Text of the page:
June 22, 2020
BAO is dedicated to uplifting and supporting the voices of Black content creators and we recognize the discussions of white supremacy and police brutality are essential and ongoing. Click here to check out our recent blog post, a toolkit of resources for supporting BIPOC creatives.
We believe art is essential to revolution, and are also dedicated to covering experimental music. Rah Zen has donated all of the proceeds from the first week Bandcamp purchases of In Rah Form Vol. 1 to ColorofChange.org Additionally, he matched that sale amount and also donated to BAMS Fest (Boston Art & Music Soul Festival). All sales of the project after the first week of are being donated to For The People Boston. We asked one of our board members, Jelani Haynes to give us his thoughts on Rah Zen's latest EP. Enjoy!
Music heals. In fact, producer and event curator, Rah Zen, founded the Nightworks beat showcase with the belief that “the beat will always save us,” a mantra inspired by experimental hip-hop duo, Shabazz Palace’s record “Gunbeat Falls.” Although, he acknowledges that “the beat” alone cannot shield us from the dangers of a global pandemic, or racial and social injustices, it is the beat that fuels Rah Zen’s persevering spirit and, now, has him In Rah Form.
On Friday, May 29th, Rah Zen released the In Rah Form Vol. 1 through Union Sound which he considers a sibling organization to Nightworks. Rah Zen’s close friend, fellow beatmaker, and Union Sound Founder, Loman, assisted with the release and promotion of the project.
The three-track project consists of beats with robust percussion that range from intense to chill, guaranteeing unending head-nods from listeners. In comparison to his previous full-length releases he says “[In Rah Form vol. 1] is much closer to Upon the Apex than Midnight Satori, but it’s less meditative and more stripped-down than both. I see Midnight Satori as my artistic awakening, Upon the Apex as my grounding, and In Rah Form as my forward momentum. I explored, learned, applied, honed my skills and now I’m playing with my new toolkit –– building upon my sonic identity.”
In Rah Form Vol. 1 cover art; designed by James Wells
Rah Zen’s music exudes brilliance, and his heart beats compassion and community consciousness. In Rah Form Vol. 1 was released on a day of nation-wide protests were sparked in response to the unlawful murder of George Floyd just days prior. Floyd, a 46 year old African-American man, died at the hands of Minneapolis police during an arrest made on May 25th, 2020. Arts activists across the country continue to leverage their platforms and elevate voices speaking out against the injustices that plague black lives.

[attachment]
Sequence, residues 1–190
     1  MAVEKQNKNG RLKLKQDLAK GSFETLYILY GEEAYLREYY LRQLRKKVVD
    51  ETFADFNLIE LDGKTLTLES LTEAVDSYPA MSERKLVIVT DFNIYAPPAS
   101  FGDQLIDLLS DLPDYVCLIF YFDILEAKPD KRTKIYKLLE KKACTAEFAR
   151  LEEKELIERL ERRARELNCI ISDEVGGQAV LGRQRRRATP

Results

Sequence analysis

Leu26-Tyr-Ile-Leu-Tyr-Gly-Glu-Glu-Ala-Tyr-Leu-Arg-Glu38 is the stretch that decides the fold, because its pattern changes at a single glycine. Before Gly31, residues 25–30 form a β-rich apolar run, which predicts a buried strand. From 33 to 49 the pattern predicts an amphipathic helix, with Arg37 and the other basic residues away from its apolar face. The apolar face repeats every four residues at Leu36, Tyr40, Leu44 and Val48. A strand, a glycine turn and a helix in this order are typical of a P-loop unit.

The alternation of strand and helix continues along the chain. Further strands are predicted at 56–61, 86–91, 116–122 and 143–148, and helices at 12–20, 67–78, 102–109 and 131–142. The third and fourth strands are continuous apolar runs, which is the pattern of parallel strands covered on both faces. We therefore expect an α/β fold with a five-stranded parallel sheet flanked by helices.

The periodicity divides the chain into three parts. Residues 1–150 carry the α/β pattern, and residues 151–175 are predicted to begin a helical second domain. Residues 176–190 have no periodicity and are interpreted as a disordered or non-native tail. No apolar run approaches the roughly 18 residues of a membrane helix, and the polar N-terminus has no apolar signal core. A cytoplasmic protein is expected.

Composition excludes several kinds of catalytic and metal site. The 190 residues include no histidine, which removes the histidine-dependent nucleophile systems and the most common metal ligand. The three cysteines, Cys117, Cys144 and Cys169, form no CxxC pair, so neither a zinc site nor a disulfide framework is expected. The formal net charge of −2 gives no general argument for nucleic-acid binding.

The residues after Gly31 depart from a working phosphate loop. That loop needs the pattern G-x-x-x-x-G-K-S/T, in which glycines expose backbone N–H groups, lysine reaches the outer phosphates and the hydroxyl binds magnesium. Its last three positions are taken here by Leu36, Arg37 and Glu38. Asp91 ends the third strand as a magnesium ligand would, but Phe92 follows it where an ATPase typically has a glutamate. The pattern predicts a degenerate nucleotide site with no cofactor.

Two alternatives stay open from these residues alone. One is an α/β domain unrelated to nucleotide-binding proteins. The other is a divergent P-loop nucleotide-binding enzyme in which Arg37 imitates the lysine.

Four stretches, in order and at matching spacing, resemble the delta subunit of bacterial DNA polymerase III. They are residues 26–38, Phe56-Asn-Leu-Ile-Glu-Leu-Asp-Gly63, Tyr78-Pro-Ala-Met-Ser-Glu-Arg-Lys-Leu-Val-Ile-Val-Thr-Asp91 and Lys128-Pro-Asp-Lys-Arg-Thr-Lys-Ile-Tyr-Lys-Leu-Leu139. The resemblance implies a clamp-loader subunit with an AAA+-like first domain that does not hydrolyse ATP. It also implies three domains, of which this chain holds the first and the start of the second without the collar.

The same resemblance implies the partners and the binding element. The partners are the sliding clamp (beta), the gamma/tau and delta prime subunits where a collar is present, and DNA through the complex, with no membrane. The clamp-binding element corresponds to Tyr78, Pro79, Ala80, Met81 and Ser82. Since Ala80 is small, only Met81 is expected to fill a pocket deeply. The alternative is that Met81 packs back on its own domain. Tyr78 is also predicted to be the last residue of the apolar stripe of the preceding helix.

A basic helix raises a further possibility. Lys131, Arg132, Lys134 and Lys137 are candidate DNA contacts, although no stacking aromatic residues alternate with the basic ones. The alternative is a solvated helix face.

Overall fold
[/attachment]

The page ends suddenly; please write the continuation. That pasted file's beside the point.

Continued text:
It is his objective, he says, “to support them effectively fighting racial injustice and building real power for Black communities –– so if you enjoy the album, consider buying it there instead of streaming.” Rah Zen not only aims to help uplift the community’s message of anti-racism, but also the visibility of up and coming beat makers.
As the Founder and Executive Director of the Nightworks live show series, Rah Zen works tirelessly to shine a spotlight on the growing beatmaking community in New England and across the country. Nominated for Boston Music Awards “Night of the Year,” the series is entering its third year of beat-centered, interactive showcasing. Nightworks even integrated with Loman and Union Sound for spinoff series called “& Friends” wherein they hosted monthly release parties for Boston beatmakers (and extended family).
Nightworks Logo, retrieved from their Facebook page
But Covid-19 has abruptly interrupted the frequency of Nightworks and similar events where music enthusiasts congregate. At the crossroad of art and social distancing, Rah Zen and other curators are forced to readjust engagement methods to stay connected with their supporters. When asked how he and the Nightworks team have adapted he says ”we’ve been staying active by having Instagram live conversations led by Kadeem with legends like Ski Beatz and Thelonious Martin, while also spotlighting our community members' releases and efforts. We’re working on a few virtual ideas, but a big part of Nightworks is the convergence of beats, visuals, rap, art, and local vendors, so we want to do something that includes all of those elements virtually. Rest assured, Nightworks will return in full effect whenever we can gather again.”
In the near future Rah Zen looks forward to collaborating with local emcees and readying his next full-length project. Most immediately listeners can look forward to In Rah Form Vol. 2 in June with each additional volume soon following thereafter.